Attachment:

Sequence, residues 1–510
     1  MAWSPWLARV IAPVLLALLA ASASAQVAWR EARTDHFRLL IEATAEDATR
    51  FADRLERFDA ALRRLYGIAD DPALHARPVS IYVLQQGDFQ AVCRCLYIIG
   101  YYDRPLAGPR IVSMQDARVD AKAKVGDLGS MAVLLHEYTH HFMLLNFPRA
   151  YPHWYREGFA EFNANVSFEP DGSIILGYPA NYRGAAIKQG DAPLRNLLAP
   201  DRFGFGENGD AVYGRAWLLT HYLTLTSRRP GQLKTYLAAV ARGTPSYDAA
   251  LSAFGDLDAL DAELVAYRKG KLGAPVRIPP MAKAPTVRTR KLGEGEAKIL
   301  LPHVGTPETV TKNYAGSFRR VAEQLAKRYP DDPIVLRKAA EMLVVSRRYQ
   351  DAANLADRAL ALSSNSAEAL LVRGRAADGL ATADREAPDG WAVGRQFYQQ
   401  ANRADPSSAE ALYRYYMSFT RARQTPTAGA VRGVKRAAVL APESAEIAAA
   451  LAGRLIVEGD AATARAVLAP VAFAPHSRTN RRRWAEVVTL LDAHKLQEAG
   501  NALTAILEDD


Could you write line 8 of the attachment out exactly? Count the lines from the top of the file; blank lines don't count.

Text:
   301  LPHVGTPETV TKNYAGSFRR VAEQLAKRYP DDPIVLRKAA EMLVVSRRYQ